Friday 19 July 2019

Making things up: going out of order

by Teri Terry

Part 6 in Marking Things up: a blog series about the creative process
When you are writing, do you start at the beginning and carry on until you get to the end, or do you write scenes out of order? 

Back years ago when I was still learning to write novels, I had a problem. I'd come a long way and could say I had these three elements pretty much in hand: 

1. Idea for the story: one that was big enough to take a whole novel to explore.
2. The beginning: one to drag readers into the world and story
3. The ending: a satisfying end to the character's - dare I say it? - journey. The sort you don't necessarily see coming but once you have it gives you that feeling that says it always had to be that way.

What's missing? the pesky middle

I loved - still do! - writing beginnings and endings. Then I'd rush as quick as I could from one to the other. I didn't have saggy middles; it's more that they were missing. I'd put in the essentials to lead from beginning to end but no more. There were no pauses or beats in the story, no subplots, no breaks for the reader - just a breathless rush from one to the other.

It took me a while to understand this, but once I did, I still struggled to understand what needed to be there. 

When I wrote the Slated trilogy, it was originally going to be a single novel, not a trilogy. I wrote the part of it that would have been the first third if it was a standalone, and realised there was too much of a rush through it, that it needed more, and made the decision to change it to a trilogy. So, I had something less than 20,000 words that needed to grow.

I think this is the first time I made a chapter table: first column, chapter number/word count; second column, a paragraph saying what happened in the chapter; third column blank. The important third column is where I'd add notes of things that were missing, needed to change etc. Doing this helped me see what was missing and where to put it, and is still something I do today, not so much as an initial plotting tool but further along in the process when I'm getting stressed about the missing middle.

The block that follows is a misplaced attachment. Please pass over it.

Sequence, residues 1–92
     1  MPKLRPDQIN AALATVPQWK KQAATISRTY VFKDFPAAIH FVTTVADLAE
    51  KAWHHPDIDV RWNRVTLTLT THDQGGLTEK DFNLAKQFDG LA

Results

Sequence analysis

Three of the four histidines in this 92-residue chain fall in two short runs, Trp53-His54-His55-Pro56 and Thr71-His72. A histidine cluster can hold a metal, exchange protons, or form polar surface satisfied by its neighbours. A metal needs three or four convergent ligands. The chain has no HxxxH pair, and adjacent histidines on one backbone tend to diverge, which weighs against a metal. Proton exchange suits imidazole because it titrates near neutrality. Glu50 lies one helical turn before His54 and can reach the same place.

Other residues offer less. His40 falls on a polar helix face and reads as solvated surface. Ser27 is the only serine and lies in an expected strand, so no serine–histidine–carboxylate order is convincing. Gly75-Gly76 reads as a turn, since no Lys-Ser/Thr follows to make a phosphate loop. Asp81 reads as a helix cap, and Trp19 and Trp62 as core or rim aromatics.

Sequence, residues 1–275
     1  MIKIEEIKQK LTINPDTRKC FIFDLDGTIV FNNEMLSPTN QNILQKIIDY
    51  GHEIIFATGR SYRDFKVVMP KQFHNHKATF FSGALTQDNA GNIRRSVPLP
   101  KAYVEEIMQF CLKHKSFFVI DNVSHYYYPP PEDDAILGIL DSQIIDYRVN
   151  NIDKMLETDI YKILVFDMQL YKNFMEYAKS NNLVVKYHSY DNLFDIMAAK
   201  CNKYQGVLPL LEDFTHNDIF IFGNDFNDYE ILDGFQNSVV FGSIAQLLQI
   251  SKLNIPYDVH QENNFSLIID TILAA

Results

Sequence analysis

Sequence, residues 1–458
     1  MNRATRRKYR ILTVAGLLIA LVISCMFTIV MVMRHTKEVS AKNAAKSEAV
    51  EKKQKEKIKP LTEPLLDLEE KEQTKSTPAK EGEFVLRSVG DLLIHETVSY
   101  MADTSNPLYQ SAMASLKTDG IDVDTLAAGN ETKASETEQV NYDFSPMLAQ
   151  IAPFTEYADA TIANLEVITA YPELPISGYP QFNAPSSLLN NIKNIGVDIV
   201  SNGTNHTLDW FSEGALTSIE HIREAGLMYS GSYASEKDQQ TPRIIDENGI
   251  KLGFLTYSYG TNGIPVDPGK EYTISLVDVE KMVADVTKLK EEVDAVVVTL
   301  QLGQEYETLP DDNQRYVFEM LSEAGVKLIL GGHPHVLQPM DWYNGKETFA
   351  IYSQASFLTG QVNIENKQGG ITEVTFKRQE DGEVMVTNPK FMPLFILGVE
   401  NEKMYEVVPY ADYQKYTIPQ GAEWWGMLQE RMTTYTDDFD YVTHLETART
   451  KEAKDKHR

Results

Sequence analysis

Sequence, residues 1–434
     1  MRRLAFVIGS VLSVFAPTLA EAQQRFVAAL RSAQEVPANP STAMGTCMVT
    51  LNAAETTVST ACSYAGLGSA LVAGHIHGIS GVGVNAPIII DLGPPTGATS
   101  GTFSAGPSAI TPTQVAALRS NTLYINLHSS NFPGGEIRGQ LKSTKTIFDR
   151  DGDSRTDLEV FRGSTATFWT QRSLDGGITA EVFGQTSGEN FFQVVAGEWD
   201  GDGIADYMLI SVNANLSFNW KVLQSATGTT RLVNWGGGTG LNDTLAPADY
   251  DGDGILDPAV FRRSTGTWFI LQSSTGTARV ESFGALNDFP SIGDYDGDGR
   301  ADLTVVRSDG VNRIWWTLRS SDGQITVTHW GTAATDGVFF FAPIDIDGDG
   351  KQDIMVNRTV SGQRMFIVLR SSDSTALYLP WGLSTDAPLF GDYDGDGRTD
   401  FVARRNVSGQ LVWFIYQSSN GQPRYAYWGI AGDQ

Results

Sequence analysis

Because of the way Slated evolved, I'd written the beginning and ending before I filled in the middle. To be fair I wrote the ending before I'd finished even the shorter version of the novel that I had to begin with. I'm pretty sure this is the first time I did this: write the ending early on in the process.
If I save a scene that is in my head, clear in my thoughts, and don't allow myself to write it until I get there in the plot, once I'm there it's lost what it had before - that urgency the words need to have, that delight in writing it also. 
Writing out of order is something I've done since then whenever I had a scene in my head that won't leave me alone. It might have to change - even drastically - when I get there, but that's ok. I need to get it out when it wants out.

Somewhere along the way I stopped writing out of order: multiple viewpoints tripped me up. Book of Lies, the Dark Matter trilogy (Contagion, Deception, Evolution) and Fated all have multiple viewpoints. I tried different ways of approaching this but I found that writing out of order to any extent didn't work when I was alternating chapters between different character's points of view. I still occasionally would write a few critical scenes - the key scenes that define the character &/or move the plot along - that were niggling at me even though the point of view would end up changing later on once I got there. 

Now I'm writing a Shiny New Thing: I can't tell you much about it yet, but it has a single point of view. I think somewhere along the way I'd forgotten how much fun it can be to do things out of order, and how useful it is to my writing process. 

Writing takes a lot of self-discipline, particularly when you add in deadlines. I used to really push myself to hit word counts or hour counts of how many hours a day I was writing, and it was taking the fun out of it. Being able to daydream my characters and think ahead and backwards and ahead again makes it more fun, but beyond that:
Writing critical scenes first cements the story and key elements in my mind. It makes it obvious what is needed to link these scenes together - and there is my missing middle. 
I still use tables to keep me on track when I need to. At the moment I'm at the stage where I'm approaching the finish line, and there are gaps here and there in my table - missing chapters that need to be written still - that get me from one critical scene to another.